STILLWATER, Okla. —
As with many aspects of South African society, theater there is in something of a state of transition, an Oklahoma State University professor said Wednesday.
Heidi Hoffer, an OSU theater professor and Fulbright Scholar, spent 13 months doing research in South Africa. Hoffer gave a lecture on her experiences Wednesday.
During her time in South Africa, Hoffer served as a guest faculty member at the University of Pretoria and the University of the Witwatersrand in Johannesburg, more commonly known as Wits University.
One of the characteristics of South African society that differs from the Western world is the heavy use of so-called community embedded theater. When using community embedded theater, she said, groups may use small-scale theater productions to illustrate a point.
For example, she said, the University of Pretoria recently received funding from the law enforcement community to do theater productions in prisons. Because of the demonstrative culture of South African tribes, Hoffman said, using theater to illustrate a point is as natural as making the same point verbally or through writing in the Western world.
Derina Holtzhausen, the director of OSU’s School of Media and Strategic Communications, agreed. Holtzhausen was born in South Africa, attended the University of Pretoria and worked in management in South Africa before coming to the United States. Holtzhausen said South African industry leaders are making larger use of industrial theater to educate and communicate with their employees.
“It’s a very natural mechanism to educate,” she said.
South African theater is in a “world of change,” Hoffer said, brought about in part by the social changes following the end of Apartheid — racial segregation. Other factors play into the change as well, she said, including large populations of rural South Africans moving into urban areas for work. They typically bring their tribal culture and traditions with them, she said, and those traditions inform South African art.
The mixture of Western culture with tribal traditions creates an interesting cultural fabric, Hoffman said, but occasionally, the two influences don’t work well together. For example, she said, a new production called “Shaka Zulu: The Musical” tells the story of Shaka Zulu, a 19th century leader credited with uniting a number of groups into the Zulu kingdom.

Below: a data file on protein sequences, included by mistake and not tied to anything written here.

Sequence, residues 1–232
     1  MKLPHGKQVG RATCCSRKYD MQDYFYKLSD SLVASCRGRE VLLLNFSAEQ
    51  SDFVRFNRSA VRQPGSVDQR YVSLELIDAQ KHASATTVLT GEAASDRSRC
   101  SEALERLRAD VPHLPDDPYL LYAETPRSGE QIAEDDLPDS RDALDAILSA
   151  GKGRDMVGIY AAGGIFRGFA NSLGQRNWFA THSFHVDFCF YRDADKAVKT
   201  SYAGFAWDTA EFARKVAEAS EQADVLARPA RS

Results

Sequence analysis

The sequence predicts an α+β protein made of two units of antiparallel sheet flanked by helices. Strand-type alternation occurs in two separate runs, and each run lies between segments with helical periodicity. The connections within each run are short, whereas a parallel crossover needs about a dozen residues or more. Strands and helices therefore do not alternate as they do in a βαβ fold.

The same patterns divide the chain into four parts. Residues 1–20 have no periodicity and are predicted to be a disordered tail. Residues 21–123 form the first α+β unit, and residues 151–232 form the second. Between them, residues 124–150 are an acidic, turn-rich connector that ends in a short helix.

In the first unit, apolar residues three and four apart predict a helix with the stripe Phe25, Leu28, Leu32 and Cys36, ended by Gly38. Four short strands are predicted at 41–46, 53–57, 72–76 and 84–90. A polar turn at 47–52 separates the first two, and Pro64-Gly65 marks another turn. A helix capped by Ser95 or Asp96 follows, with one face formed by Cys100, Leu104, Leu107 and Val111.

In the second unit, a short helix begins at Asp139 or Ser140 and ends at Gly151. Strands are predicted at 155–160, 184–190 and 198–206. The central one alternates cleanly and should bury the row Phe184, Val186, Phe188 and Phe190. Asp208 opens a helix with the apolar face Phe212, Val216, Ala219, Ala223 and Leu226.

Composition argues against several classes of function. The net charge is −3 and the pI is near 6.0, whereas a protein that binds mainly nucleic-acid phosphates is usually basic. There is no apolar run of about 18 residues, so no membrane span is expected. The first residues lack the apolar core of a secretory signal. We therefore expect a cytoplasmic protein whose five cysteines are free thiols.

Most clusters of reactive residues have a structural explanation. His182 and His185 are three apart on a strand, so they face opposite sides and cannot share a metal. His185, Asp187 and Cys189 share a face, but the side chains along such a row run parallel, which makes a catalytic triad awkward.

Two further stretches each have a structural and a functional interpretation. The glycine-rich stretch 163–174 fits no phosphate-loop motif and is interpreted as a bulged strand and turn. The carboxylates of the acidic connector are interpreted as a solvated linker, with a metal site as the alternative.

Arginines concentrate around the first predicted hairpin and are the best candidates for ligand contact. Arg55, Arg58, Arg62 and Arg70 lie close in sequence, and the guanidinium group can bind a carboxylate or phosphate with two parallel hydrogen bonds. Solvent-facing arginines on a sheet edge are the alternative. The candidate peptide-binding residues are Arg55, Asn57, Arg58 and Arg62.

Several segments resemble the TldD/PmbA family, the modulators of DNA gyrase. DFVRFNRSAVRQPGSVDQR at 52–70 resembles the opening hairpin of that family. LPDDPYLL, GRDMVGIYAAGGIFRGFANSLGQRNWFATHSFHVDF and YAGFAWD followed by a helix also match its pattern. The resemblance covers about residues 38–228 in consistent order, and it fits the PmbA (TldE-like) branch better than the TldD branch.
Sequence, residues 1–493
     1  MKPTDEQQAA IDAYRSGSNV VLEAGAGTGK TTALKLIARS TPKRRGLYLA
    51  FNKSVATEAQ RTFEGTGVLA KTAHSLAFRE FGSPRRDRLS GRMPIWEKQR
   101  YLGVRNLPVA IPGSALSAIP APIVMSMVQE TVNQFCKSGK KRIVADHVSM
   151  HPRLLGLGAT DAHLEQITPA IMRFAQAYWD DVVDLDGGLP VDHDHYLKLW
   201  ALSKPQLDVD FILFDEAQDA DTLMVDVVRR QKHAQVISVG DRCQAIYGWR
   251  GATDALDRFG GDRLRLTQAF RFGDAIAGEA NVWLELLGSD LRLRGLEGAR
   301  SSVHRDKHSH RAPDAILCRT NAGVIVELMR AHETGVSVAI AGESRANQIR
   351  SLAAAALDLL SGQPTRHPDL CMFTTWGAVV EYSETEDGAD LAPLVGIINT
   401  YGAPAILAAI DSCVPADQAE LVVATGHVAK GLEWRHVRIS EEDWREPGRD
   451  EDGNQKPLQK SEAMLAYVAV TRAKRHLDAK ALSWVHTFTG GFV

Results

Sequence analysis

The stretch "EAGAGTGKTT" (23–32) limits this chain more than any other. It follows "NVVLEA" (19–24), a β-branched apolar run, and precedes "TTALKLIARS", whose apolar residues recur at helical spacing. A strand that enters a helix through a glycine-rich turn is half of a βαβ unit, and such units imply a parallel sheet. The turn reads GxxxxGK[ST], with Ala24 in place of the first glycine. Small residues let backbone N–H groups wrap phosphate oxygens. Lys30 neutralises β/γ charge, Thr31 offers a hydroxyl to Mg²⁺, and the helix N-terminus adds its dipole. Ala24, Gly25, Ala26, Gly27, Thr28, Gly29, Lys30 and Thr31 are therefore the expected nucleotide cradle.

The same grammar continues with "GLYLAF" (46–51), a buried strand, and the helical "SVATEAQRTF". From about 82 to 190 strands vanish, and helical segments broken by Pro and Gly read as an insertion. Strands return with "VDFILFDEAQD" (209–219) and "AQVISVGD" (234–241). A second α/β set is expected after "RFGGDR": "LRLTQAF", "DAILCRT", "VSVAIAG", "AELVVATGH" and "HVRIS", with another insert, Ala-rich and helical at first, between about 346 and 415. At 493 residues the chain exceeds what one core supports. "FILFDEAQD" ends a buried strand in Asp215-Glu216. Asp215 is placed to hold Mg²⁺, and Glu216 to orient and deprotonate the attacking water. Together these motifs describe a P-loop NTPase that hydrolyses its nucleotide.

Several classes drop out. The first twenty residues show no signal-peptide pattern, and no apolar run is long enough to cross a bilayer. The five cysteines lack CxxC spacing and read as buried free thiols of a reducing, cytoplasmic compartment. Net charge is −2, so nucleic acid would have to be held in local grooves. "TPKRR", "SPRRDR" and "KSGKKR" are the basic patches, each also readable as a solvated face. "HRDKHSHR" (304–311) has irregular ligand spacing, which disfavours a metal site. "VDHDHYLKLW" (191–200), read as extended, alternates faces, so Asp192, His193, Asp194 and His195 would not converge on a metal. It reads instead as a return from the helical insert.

Shaka’s life is fertile source material for theater, Hoffer said, but the production was poorly executed. Instead of making use of the traditional music and dance for which the Zulu are famous, the production tried to superimpose Zulu-inspired dance over Western-style music.
“It just didn’t work,” Hoffer said.
Political transitions have made life difficult for the performing arts community in South Africa, Hoffman said. Before 1997, much of South Africa’s performance art was funded by four performing arts councils. As a result, Hoffer said, institutions like the University of Pretoria could afford to bring in artisans to work on theater productions.
However, after those performing arts councils were disbanded, many of those artisans, now in their 80s, were left without work. They generally didn’t have the education level required to teach in universities, she said, despite the wealth of knowledge and experience they possessed.
An upcoming project is seeking to bring those “treasures” back into the theater, Hoffer said. The Soweto Theater is a new performing arts facility expected to open next year in Soweto, a lower-middle class district in the Johannesburg metropolitan area. The theater is a part of an effort to bring the experienced artisans together with theater students, she said.
As it develops, Hoffer said, South African theater tends to deal more heavily with social issues such as AIDS and poverty. A major issue it addresses is the increasing rift between wealthy and poor blacks.
Racial conflict has long existed in South Africa, but with the end of Apartheid came a new class of socially mobile blacks, she said. As black people achieve economic prosperity and find their way into the middle and upper classes, they’re often met with resentment not from prosperous whites, but from poor blacks, she said. Because the issue is such a prevalent one in South African society, it’s fertile territory for theater and literature, she said.
“It makes them uncomfortable,” she said. “So we know it makes good drama.”
Heidi Hoffer's name has been corrected in this story.